AutoQoS and Smartports are supported on the following modules:

WS-X6548-RJ45

WS-X6548-RJ21

WS-X6148-GE_TX

WS-X6548-GE-TX-CR

WS-X6148-RJ45V

WS-X6148-RJ21V

WS-X6348-RJ45

WS-X6348-RJ21

WS-X6248-TEL


Note The no auto qos voip interface configuration command does not disable QoS globally or delete the received CoS-to-internal-DSCP maps created by AutoQoS.


The auto qos voip cisco-phone and the auto qos voip cisco-softphone commands allow you to enable the inbound QoS configuration macros for AutoQoS on an interface. In some cases, the interface-specific auto qos voip commands also generate configuration commands that are applied globally.

You must configure the interface with the switchport command if you enter the auto qos voip cisco-phone command. You cannot configure the interface with the switchport command if you enter the auto qos voip cisco-softphone command.

If you configure an interface with the switchport command, AutoQoS configures the interface to trust CoS. If you do not configure the interface with the switchport command, AutoQoS configures the interface to trust DSCP.

AutoQoS uses a nondefault CoS-to-DSCP map. For this reason, you must configure port trust on a per-port-ASIC basis.

When you enter the auto qos voip cisco-phone command, the following behavior occurs:

QoS is enabled if it is disabled.

The port is changed to port-based QoS.

The appropriate CoS map is set.

All ports are changed to port-based mode (if applicable).

A trust-CoS QoS policy is created and applied for the ports that need a trust-CoS QoS policy (COIL2 and COIL1).

A trusted boundary is enabled on the port.

The CoS value for a trust boundary is set to zero.

The port trust is set to trust-cos.

Only 10/100 ports and 10/100/1000 ports are supported.

A warning message is displayed if the CDP version is not version 2.

When you enter the auto qos voip cisco-softphone command, the following behavior occurs:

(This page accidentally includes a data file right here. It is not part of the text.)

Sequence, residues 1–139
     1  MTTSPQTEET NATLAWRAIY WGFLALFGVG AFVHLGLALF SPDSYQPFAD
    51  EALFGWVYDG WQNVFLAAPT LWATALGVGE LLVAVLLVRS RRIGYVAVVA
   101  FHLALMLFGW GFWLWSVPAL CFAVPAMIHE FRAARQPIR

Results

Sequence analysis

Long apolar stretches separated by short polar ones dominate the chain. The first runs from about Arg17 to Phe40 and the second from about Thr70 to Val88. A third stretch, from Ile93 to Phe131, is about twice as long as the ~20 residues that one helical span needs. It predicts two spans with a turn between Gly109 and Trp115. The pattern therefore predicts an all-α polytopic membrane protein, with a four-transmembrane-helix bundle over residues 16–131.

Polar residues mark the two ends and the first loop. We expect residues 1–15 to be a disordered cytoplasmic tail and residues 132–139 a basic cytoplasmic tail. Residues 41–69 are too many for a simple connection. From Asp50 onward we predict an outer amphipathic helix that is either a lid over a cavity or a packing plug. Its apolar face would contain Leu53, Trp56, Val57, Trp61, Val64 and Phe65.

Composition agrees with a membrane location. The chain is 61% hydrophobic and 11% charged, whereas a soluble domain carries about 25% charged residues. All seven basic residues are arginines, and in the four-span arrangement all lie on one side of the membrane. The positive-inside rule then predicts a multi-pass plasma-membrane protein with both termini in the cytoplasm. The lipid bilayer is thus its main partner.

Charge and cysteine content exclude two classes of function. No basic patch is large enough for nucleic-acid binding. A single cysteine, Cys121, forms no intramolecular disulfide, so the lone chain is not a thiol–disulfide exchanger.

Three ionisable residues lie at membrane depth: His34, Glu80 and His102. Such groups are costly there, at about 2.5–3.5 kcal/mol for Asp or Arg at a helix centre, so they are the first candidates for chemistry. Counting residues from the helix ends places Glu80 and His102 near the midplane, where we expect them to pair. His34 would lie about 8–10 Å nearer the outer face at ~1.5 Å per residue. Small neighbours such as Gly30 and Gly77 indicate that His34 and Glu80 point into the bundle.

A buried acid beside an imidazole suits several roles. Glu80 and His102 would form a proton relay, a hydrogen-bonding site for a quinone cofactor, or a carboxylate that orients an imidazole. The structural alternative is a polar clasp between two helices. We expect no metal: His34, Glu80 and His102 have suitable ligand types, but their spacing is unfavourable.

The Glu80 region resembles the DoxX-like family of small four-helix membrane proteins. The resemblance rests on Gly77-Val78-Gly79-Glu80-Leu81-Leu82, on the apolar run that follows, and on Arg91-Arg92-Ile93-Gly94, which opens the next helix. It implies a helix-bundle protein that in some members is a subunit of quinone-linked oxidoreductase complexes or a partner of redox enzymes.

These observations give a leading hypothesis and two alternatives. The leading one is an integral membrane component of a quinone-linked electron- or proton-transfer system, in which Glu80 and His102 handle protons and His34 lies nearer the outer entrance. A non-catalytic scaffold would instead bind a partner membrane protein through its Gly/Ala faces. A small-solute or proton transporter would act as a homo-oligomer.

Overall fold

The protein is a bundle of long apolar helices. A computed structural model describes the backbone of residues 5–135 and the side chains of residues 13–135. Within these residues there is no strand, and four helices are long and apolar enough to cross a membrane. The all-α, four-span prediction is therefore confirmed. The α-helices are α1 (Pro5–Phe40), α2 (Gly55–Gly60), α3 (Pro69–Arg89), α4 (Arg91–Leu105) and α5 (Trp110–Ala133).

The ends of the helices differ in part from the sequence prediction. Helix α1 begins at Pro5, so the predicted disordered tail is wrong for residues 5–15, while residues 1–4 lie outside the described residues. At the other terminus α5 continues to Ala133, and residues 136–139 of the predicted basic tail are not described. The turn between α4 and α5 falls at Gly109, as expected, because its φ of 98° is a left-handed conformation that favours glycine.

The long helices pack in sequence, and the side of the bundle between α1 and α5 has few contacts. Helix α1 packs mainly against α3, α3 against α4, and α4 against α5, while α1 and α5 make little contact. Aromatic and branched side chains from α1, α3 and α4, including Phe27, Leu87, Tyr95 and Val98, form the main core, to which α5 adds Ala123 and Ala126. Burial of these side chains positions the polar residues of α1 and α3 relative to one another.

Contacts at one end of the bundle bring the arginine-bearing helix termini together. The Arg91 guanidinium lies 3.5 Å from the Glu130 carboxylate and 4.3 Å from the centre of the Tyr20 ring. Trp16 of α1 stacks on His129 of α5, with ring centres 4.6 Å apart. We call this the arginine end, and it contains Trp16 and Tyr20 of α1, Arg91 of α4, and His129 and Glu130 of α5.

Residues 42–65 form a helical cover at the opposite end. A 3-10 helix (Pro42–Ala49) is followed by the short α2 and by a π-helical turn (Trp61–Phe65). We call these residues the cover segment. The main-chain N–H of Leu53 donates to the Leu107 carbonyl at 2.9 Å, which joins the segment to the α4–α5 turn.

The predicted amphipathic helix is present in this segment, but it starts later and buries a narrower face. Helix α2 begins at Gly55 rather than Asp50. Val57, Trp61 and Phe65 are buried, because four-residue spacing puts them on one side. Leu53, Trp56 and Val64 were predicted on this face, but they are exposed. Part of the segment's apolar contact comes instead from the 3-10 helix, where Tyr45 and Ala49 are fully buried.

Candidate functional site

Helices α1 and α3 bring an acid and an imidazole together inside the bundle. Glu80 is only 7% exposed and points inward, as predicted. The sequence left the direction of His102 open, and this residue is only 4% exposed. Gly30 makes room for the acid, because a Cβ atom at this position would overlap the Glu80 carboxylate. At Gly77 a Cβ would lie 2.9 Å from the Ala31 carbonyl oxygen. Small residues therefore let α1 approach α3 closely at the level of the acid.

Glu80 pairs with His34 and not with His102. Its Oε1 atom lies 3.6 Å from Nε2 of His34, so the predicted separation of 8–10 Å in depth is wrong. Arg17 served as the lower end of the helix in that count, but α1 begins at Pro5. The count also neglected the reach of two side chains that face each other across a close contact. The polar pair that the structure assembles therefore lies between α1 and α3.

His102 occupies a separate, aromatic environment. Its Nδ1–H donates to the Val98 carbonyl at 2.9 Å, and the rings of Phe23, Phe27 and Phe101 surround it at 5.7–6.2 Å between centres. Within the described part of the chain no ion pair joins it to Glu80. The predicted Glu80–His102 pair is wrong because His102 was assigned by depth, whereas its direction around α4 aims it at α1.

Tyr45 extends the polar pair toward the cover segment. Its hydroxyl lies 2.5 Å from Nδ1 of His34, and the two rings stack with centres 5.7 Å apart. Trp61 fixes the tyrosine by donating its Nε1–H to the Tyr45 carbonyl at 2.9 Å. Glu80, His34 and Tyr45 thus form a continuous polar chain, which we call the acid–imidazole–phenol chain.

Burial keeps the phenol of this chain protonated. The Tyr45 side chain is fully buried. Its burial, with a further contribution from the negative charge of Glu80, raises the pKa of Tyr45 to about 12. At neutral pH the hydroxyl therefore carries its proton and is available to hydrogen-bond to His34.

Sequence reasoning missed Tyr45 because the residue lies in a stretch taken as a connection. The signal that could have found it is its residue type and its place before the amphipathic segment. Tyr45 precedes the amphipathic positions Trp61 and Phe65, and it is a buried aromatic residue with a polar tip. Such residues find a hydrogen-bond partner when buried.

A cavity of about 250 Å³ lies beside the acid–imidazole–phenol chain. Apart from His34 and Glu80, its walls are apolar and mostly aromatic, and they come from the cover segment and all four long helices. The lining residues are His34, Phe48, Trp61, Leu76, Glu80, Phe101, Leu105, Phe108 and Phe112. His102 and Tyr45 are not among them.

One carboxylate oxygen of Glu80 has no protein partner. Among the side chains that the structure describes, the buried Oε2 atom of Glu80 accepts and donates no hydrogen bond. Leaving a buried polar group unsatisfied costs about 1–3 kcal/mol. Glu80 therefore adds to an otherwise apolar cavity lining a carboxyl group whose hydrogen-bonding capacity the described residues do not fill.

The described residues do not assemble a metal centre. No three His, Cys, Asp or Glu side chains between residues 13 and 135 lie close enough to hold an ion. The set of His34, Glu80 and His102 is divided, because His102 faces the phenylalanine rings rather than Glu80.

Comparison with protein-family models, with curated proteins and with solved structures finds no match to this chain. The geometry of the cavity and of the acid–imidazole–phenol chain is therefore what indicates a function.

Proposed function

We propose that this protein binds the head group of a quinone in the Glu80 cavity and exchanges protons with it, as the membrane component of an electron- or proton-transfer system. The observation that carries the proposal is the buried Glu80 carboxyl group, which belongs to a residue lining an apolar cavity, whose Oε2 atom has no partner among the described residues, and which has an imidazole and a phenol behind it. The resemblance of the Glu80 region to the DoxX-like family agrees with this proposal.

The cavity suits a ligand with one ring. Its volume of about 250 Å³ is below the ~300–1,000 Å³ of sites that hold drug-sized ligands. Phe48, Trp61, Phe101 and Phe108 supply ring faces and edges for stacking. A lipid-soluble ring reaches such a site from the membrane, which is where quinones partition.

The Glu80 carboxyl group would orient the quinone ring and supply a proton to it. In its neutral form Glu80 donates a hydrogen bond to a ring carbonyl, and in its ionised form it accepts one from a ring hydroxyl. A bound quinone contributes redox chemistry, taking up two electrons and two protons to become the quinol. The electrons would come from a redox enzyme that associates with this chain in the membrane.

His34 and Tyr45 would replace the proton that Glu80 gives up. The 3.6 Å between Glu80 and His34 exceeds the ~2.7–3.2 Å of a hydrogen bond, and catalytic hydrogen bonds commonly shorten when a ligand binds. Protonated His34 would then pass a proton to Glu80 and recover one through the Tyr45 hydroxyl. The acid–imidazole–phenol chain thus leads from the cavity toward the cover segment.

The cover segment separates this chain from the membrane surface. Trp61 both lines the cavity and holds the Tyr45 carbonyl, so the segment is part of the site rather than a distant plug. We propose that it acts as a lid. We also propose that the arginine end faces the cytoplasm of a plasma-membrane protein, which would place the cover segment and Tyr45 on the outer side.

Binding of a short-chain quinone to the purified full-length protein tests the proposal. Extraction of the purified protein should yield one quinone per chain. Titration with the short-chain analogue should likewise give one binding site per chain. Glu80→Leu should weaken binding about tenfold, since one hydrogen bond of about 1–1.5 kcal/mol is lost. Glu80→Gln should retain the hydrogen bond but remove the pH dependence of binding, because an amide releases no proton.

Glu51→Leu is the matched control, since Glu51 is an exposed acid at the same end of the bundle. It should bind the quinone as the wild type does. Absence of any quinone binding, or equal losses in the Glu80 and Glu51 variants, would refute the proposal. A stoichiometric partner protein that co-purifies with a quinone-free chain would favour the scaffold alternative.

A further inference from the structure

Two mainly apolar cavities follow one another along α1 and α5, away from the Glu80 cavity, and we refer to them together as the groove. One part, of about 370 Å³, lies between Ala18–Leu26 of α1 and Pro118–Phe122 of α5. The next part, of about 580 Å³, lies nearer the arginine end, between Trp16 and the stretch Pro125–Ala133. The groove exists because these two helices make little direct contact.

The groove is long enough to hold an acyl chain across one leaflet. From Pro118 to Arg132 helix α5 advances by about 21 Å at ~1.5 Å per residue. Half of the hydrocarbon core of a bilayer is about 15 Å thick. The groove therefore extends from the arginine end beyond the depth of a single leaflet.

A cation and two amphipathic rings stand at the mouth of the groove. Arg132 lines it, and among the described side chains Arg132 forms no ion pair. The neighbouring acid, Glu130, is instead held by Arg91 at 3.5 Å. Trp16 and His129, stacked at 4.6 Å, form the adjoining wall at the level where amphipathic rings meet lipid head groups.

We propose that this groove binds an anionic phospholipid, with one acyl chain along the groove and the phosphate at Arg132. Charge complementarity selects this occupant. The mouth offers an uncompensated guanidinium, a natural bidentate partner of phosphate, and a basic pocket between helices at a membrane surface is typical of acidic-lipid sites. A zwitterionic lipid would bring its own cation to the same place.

The cisco-softphone macro is a superset of the cisco-phone macro and configures all features that are required for a Cisco IP Phone to work properly on the Catalyst 6500 series switch.

The global settings for AutoQoS policy maps, class maps, and access lists are created to classify VoIP packets and to put them in the priority queue or another low-latency queue. The interface settings are created depending on the type of interface and the link speed.

Two rate limiters are associated with the interface on which the cisco-softphone port-based autoqos macro is executed. The two rate limiters ensure that all inbound traffic on a cisco-softphone port have the following characteristics:

The rate of DCSP 46 is at or less than that of the expected softphone rate.

The rate of DSCP 26 is at or less than the expected signaling rate.

All other traffic is re-marked to DSCP 0 (default traffic).

DSCP 46 is policed at the rate of 320 kbps with a burst of 2 Kb. DSCP 26 is policed at 32 kbps with a burst of 8 Kb.

The port is set to untrusted for all port types. The policed-dscp-map is set to ensure that DSCP 46 is marked down to DSCP 0 and DSCP 26 is marked down to DSCP 0. The default QoS IP ACL re-marks all other traffic to DSCP 0.

When you enter the auto qos voip soft-phone command, the following behavior occurs:

Enables QoS if QoS is disabled.

Changes the port to port-based QoS.

Sets the appropriate police-dscp-map.

Sets the appropriate CoS-to-DSCP map.

Changes all ports to port-based mode (if applicable).

Creates a trust-dscp QoS policy for the ports that need it (COIL2 and COIL1).

Applies the trust-dscp QoS policy to the port (COIL2 and COIL1).

Disables a trusted boundary on the port.

Changes trust to untrusted.

Allows 10/100 ports and 10/100/1000 ports only.

Applies two rate limiters, one for DSCP 46 and one for DSCP 26 inbound traffic, and trusts only inbound DSCP 46 and DSCP 26 traffic.

Marks violations of either rate limiter results in traffic down to DSCP 0.

Re-marks all other (non-DSCP 26 and 46) inbound traffic to DSCP 0.

When you enter the auto qos voip trust command, the following applies:

The DSCP and the CoS markings are trusted for classification of the voice traffic.

Enables QoS if QoS is disabled.

Changes the port to port-based QoS.

Changes all ports to port-based mode (if applicable).

Creates a trust-dscp and a trust-cos QoS policy for the ports that need it (COIL2 and COIL1).

Applies the trust-dscp and a trust-cos QoS policy to the port (COIL2 and COIL1).

Disables the trusted boundary on the port.

Sets port trust to trust-cos.

All ports are supported.

Bases queueing for all ports that allow dscp-to-q mapping on DSCP. If not, queueing is based on CoS.

Examples

The following example shows how to enable the QoS ingress macro for the Cisco IP Phone:

Router(config-if)# auto qos voip cisco-phone

Related Commands

Command
Description

show auto qos

Displays AutoQoS information.

show running-config interface

Displays the status and configuration of the interface.

switchport

Configures the LAN interface as a Layer 2 switched interface.


bandwidth (policy-map class)